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Print ISSN:-2394-546X

Online ISSN:-2394-5478

CODEN : IJMR06

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Indian Journal of Microbiology Research


A study on bacterial infections and their antibiotic susceptibility pattern in decompensated liver disease patients in a tertiary care Hospital


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Author Details : Rajeswari Jayakumar

Volume : 4, Issue : 1, Year : 2017

Article Page : 36-39


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Abstract

Background & Objectives: Decompensated liver disease (DCLD) is defined as irreversible chronic injury of the hepatic parenchyma. Bacterial infections are more common in decompensated liver disease and causes 30%-50% of deaths. Therefore, this study was done to determine the various bacterial agents causing infections in decompensated liver disease patients and to determine the drug susceptibility and resistance pattern.
Methods: A prospective study was conducted over a period of one year in a tertiary care hospital. Ascitic fluid, urine, sputum, blood and wound swab were collected. All the samples were processed through Gram’s stain and culture. The organisms were identified by standard protocols and antibiotic susceptibility testing.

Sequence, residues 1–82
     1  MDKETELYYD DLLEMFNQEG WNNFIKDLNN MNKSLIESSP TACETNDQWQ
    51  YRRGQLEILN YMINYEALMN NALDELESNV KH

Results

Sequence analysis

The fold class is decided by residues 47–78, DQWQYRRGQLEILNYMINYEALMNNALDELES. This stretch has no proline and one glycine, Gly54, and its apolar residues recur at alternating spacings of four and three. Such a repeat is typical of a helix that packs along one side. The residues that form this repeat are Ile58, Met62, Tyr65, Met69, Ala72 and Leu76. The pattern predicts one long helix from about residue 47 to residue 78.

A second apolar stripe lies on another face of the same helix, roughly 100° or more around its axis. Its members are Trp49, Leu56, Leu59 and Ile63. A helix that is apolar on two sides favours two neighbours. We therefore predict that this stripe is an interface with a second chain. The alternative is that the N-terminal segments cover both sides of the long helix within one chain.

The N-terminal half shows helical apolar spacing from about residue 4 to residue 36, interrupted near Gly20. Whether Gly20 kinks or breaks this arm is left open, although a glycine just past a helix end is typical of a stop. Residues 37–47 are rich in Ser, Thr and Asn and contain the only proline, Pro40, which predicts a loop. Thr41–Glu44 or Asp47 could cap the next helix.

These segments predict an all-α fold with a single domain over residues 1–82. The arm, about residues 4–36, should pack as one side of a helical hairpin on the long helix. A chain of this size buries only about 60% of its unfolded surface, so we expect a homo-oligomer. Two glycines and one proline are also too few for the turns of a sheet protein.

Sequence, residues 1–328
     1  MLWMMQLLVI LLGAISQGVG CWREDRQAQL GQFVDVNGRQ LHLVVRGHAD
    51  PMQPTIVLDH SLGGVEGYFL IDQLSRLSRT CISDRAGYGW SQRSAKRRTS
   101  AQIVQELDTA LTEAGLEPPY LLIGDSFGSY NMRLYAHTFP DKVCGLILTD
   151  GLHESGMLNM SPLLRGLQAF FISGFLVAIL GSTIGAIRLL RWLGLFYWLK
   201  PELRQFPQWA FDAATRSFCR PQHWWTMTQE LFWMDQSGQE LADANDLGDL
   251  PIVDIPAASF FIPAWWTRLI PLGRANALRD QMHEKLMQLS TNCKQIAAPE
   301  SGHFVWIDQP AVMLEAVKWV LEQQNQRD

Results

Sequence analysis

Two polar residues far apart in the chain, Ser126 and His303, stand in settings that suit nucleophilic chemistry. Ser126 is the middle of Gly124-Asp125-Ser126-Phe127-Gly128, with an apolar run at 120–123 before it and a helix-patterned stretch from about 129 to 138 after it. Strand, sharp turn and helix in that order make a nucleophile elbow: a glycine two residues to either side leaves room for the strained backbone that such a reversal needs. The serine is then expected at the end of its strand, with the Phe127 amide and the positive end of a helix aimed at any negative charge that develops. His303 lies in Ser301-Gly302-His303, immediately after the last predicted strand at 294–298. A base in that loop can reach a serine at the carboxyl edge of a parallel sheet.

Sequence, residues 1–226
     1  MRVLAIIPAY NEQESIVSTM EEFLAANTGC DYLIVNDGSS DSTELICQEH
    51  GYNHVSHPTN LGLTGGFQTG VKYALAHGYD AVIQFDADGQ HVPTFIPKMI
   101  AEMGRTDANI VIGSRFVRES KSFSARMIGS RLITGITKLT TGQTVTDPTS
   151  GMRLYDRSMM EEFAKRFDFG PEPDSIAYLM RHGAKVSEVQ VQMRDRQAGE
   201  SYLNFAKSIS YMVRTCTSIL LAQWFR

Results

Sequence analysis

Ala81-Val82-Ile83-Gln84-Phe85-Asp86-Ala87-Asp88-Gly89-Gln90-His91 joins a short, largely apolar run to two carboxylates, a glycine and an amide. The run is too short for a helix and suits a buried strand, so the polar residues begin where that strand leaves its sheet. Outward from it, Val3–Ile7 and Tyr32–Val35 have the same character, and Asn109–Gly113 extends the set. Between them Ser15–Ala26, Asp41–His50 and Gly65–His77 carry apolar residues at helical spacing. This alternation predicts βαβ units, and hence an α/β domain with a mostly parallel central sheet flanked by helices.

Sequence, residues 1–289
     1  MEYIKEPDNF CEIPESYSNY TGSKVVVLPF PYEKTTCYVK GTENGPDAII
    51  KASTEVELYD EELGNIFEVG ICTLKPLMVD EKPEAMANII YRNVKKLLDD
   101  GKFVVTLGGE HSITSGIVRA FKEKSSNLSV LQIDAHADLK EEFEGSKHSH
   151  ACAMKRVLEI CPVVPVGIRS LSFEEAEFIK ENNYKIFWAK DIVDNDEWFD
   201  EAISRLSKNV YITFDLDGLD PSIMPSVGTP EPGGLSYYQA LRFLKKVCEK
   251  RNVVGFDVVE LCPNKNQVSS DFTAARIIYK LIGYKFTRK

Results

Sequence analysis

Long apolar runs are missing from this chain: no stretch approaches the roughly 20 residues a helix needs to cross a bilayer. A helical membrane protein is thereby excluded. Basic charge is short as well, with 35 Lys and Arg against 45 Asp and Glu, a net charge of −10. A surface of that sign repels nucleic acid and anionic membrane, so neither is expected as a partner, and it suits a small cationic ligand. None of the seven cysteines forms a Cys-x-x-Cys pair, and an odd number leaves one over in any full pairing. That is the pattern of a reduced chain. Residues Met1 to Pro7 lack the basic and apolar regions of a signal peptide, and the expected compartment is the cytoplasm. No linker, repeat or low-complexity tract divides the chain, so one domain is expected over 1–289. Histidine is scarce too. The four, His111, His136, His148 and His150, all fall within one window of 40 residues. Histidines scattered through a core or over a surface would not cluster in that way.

Results &Conclusion: Out of 150 samples, culture positivity seen in 81(54%). In 81 culture positive isolates, 63(78%) were Gram Negative bacilli (GNB) and 18 (22%) were Gram Positive cocci (GPC). Among Gram negative bacilli, Escherichia coli and in Gram positive cocci, Staphylococcus aureus was the most common isolates. The most common infections were spontaneous bacterial peritonitis (27%) followed by urinary tract infections (26%), Spontaneous bacteraemia (19%), pneumonia (16%), and skin and soft-tissue infections (12%).

Keywords:
Decompensated Liver Disease, Spontaneous Bacterial Peritonitis, Escherichia coli, Staphylococcus aureus

How to cite : Jayakumar R, A study on bacterial infections and their antibiotic susceptibility pattern in decompensated liver disease patients in a tertiary care Hospital. Indian J Microbiol Res 2017;4(1):36-39

Copyright © 2017 by author(s) and Indian J Microbiol Res. This is an Open Access article distributed under the terms of the Creative Commons Attribution License (CC-BY-NC 4.0) (creativecommons.org)